Use of 3D printing in the design and manufacture of bespoke sealing devices for ascetic drains for palliative care epithelial ovarian cancer patients

EmmaJude Lyons, PhD student

Epithelial Ovarian Cancer (EOC) is the leading cause of gynaecological cancer related mortality in western countries [1]. Stage 4 EOC is associated with a build-up of fluid in the abdominal cavity termed ascites. The standard treatment of ascites is the placement of an ascitic drain in the abdomen to remove this excess fluid (paracentesis). Many palliative care EOC patients require long term, semi-permanent ascitic drains. These drains come in standard sizes despite the wide range of individual needs and body shapes. This ‘one size fits some’ model is indicative of the commonly accepted neglect of innovation in women’s health generally.

There are several challenges with current ascitic drains that greatly affect the Quality of Life (QoL) of EOC patients;

  1. Controlling the rate at which the ascitic fluid is removed is crucially important to prevent intra-vascular volume depletion (hypotension) & renal impairment.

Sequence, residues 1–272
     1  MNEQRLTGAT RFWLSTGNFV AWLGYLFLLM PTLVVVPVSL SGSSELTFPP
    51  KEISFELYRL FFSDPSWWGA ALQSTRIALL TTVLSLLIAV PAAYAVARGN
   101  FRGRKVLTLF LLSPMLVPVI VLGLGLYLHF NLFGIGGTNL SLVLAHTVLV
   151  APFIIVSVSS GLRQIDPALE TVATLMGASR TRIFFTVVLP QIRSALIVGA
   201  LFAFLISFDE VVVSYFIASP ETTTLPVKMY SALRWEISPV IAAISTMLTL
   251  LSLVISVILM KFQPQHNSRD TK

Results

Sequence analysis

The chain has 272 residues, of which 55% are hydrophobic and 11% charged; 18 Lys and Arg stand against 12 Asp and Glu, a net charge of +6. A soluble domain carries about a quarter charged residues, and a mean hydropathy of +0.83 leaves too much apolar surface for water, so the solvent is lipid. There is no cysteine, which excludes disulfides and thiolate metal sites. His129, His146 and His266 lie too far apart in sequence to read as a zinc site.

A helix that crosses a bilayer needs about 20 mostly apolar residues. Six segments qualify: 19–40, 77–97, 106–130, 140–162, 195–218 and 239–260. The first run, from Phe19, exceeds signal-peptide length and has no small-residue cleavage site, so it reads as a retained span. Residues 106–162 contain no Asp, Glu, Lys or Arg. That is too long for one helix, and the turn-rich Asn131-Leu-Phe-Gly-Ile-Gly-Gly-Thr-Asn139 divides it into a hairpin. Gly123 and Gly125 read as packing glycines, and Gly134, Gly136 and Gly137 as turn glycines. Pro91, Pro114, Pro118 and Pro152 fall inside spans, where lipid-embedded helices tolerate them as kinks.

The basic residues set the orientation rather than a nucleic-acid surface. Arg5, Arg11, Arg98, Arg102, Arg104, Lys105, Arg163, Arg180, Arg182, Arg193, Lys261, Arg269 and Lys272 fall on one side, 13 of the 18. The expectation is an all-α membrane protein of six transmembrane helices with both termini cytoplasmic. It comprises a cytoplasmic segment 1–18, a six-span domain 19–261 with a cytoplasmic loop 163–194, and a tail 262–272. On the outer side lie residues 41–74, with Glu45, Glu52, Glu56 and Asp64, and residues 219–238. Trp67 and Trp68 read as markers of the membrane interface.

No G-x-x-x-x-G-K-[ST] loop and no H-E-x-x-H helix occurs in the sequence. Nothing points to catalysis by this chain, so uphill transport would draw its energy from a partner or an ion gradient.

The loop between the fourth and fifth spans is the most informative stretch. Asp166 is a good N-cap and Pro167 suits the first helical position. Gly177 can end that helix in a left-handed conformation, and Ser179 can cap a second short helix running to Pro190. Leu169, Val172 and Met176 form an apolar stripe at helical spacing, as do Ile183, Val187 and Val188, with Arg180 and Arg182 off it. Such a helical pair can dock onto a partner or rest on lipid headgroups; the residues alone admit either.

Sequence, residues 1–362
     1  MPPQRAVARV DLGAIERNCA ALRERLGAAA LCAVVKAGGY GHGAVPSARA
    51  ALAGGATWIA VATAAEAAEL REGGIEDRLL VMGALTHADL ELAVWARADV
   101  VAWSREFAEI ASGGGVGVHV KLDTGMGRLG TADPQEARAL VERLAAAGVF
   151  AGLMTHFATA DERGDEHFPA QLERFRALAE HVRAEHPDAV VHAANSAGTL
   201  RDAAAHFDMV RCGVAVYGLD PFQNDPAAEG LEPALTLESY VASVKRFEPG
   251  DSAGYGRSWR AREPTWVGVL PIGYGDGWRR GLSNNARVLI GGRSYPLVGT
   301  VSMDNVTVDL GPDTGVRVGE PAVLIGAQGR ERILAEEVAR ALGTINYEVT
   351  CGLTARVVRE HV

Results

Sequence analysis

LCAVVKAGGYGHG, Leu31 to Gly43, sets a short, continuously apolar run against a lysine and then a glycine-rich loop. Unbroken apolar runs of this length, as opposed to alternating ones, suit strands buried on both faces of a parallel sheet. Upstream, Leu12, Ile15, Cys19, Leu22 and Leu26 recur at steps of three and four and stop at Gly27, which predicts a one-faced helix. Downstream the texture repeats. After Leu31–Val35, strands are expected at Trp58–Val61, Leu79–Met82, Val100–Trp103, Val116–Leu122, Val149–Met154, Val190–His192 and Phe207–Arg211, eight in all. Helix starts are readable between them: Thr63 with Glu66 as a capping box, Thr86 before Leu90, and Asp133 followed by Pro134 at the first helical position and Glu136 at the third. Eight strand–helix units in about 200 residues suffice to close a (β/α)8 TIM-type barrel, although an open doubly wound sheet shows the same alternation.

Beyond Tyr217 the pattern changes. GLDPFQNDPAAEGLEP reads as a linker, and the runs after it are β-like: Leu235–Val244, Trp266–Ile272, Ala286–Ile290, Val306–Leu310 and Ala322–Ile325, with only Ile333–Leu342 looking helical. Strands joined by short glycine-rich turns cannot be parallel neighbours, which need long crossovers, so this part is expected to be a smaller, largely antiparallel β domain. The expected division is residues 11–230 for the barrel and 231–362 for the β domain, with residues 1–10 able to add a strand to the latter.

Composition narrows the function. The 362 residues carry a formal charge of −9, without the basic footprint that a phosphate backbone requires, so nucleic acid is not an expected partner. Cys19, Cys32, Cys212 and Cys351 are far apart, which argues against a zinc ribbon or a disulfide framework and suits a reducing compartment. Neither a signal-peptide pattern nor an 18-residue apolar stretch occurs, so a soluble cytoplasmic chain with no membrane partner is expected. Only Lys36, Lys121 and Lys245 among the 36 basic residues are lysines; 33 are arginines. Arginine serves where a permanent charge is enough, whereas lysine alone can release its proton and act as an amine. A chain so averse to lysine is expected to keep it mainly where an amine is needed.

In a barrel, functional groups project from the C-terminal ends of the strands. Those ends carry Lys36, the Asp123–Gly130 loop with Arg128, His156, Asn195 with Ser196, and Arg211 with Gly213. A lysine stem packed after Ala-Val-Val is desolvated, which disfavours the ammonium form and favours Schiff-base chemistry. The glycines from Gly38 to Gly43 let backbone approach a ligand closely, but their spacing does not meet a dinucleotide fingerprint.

2. Leaking ascitic drains are associated with an increased risk of peritonitis and other adverse outcomes, such as mechanical irritant dermatitis around the entry (exit) site.
  3. Increased intra-abdominal pressure can lead to profuse leakage around the drain at the abdominal exit site due to inadequate sealing. In such cases, the ascitic fluid soils the patient’s clothing and bed linen, leading to discomfort, embarrassment, and lack of dignity.

This research will develop bespoke 3D printed solutions to enhance the functionality and improve the QoL of palliative care patients living with long-term ascitic drains.

Start year
End year
Principal Investigator
Professor Leonard O'Sullivan
EmmaJude Lyons
University of Limerick
Irish Research Council Enterprise Partnership Scheme with Breakthrough as the partner
Linked To Breakthrough Priorities
1, 3, 6

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